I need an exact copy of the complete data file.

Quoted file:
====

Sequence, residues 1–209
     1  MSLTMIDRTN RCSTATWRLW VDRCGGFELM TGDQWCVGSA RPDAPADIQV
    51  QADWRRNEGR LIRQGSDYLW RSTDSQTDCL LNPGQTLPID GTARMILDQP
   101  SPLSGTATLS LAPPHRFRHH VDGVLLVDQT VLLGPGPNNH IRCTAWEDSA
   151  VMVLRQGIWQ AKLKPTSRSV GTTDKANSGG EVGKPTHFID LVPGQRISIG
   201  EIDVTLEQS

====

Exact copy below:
Sequence, residues 1–209
     1  MSLTMIDRTN RCSTATWRLW VDRCGGFELM TGDQWCVGSA RPDAPADIQV
    51  QADWRRNEGR LIRQGSDYLW RSTDSQTDCL LNPGQTLPID GTARMILDQP
   101  SPLSGTATLS LAPPHRFRHH VDGVLLVDQT VLLGPGPNNH IRCTAWEDSA
   151  VMVLRQGIWQ AKLKPTSRSV GTTDKANSGG EVGKPTHFID LVPGQRISIG
   201  EIDVTLEQS